I sensed that the Centre, at least superficially, had not changed much since I was there 13 years ago. We were warned not to walk the streets at night, not be seen carrying alcohol, and despite so much of the local economy depending on the land and culture of the Arrernte People, it seems that by and large we as still ignoring the story of the people who have lived here for some 30, 40, 50,000 years and are still a long way from voice, treaty and truth.

Uncle Craig shared stories with us in the Olive Pink Botanic Gardens, the evening before we set off on the walk, but except for a few small snippets and some bush tucker canapés one evening, that was the only “indigenous” input we had. Uncle Craig told us that the Arrernte People did not swim in the waterholes yet we were still invited to pack our swimmers!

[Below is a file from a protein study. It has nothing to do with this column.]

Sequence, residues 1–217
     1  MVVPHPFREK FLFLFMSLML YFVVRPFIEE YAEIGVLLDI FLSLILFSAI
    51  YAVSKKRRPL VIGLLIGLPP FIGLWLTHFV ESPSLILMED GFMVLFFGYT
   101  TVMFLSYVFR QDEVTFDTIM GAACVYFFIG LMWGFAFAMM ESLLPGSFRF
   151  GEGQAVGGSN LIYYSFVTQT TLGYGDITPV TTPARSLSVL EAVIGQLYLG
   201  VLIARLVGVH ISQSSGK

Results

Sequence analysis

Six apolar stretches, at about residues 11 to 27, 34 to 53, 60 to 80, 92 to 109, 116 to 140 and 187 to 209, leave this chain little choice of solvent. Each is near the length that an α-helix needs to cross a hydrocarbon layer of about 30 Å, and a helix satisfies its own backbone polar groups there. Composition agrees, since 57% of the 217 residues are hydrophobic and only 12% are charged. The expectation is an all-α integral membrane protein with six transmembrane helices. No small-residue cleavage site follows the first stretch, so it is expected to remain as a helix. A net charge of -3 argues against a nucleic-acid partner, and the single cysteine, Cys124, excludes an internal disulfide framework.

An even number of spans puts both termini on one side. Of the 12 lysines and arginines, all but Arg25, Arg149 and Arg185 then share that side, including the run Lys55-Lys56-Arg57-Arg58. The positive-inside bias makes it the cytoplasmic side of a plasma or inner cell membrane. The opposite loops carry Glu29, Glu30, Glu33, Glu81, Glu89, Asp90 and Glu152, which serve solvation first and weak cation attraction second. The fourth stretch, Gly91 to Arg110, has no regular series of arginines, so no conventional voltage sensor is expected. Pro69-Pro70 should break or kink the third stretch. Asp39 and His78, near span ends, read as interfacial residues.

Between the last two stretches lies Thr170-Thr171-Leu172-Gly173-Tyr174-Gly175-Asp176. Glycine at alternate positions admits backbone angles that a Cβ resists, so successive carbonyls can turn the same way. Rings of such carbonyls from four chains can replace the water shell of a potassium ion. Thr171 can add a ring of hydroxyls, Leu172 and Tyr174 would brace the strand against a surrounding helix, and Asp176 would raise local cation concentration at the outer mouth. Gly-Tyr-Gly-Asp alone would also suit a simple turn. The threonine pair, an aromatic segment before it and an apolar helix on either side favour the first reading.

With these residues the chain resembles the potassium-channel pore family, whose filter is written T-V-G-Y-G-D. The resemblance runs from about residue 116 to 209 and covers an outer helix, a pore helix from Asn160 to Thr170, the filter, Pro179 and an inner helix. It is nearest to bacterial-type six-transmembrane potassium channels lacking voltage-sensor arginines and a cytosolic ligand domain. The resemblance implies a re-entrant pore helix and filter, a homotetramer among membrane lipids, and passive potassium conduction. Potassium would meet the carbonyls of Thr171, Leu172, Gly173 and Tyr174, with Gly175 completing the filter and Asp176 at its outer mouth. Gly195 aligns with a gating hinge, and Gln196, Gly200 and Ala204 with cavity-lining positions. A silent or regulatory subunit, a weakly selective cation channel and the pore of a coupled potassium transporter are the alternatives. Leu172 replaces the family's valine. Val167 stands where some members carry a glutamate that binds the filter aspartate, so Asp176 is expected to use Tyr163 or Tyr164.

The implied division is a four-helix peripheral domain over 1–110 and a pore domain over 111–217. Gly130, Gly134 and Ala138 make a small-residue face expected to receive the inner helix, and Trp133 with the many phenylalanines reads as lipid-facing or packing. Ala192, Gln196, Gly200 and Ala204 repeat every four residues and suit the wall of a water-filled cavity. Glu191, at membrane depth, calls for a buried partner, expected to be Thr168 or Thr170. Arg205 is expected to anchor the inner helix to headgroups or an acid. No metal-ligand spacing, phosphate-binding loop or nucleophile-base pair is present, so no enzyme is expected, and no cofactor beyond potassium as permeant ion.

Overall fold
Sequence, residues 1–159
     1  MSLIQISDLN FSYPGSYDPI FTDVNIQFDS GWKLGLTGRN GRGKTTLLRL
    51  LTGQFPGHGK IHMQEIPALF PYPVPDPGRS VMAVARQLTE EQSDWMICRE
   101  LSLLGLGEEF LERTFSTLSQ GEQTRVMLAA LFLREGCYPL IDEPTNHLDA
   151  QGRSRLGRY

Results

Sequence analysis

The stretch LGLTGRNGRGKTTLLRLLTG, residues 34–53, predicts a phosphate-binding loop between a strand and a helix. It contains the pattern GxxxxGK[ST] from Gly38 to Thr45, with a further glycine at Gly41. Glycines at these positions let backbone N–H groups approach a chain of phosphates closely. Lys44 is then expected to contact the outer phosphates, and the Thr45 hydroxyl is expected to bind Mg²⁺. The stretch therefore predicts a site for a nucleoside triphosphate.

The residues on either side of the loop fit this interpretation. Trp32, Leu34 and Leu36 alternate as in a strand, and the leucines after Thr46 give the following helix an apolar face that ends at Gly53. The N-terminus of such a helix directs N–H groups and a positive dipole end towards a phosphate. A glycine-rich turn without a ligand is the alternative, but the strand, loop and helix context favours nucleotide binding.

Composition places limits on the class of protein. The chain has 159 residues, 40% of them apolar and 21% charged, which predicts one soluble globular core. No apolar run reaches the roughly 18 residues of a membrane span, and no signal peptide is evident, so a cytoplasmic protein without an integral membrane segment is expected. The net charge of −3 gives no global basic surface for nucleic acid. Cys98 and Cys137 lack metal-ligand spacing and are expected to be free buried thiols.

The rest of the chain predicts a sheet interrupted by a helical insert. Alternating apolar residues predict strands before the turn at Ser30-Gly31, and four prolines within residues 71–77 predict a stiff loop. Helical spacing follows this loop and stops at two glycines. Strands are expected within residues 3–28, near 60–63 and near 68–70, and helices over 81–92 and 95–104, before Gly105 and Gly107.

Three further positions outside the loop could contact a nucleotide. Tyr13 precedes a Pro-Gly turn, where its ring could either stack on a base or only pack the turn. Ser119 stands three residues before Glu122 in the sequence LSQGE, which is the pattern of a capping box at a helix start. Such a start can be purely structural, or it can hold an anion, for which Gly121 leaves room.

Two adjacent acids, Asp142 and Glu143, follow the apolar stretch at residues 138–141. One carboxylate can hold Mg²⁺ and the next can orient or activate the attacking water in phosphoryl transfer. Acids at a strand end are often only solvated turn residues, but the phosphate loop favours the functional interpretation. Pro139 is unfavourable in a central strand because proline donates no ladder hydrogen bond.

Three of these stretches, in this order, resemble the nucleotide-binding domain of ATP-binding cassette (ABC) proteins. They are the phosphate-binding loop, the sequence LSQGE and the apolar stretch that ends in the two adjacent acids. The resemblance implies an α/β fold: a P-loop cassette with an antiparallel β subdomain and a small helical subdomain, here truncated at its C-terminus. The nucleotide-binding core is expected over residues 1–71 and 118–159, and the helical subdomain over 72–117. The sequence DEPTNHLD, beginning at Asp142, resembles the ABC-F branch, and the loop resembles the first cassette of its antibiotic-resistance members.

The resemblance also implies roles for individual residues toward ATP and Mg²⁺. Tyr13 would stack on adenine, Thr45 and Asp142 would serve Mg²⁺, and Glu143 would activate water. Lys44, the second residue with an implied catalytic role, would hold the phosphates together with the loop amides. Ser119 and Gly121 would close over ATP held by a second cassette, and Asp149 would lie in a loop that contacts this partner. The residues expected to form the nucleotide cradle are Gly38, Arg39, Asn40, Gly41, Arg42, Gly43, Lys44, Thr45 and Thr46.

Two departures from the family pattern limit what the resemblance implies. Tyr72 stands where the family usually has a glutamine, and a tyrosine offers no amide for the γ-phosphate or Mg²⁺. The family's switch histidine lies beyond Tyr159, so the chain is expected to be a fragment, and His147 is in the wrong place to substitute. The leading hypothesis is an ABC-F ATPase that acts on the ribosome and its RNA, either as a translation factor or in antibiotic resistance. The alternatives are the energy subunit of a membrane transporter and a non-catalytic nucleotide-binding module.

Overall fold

As I walked the five days, the words of Sharron Lindh that we heard in our contemporary reflection, this morning, eloquently expressed my experience of Walking on Country.

Mother Earth and Father Sky were with me, as where the ancestors of the Arrernte People and my own ancestors.

I was entranced by all the colours of the earth, each step honouring every living thing. The resilience of the plants growing in such harsh conditions gave me strength to continue when the going was tough.

Henri Nouwen says “Only when we make a deep bow to the rivers, ocean, hills and mountains that offer us a home, only then can they become transparent and reveal to us their real meaning. I had a real sense of belonging to both Country and among the women with whom I was walking.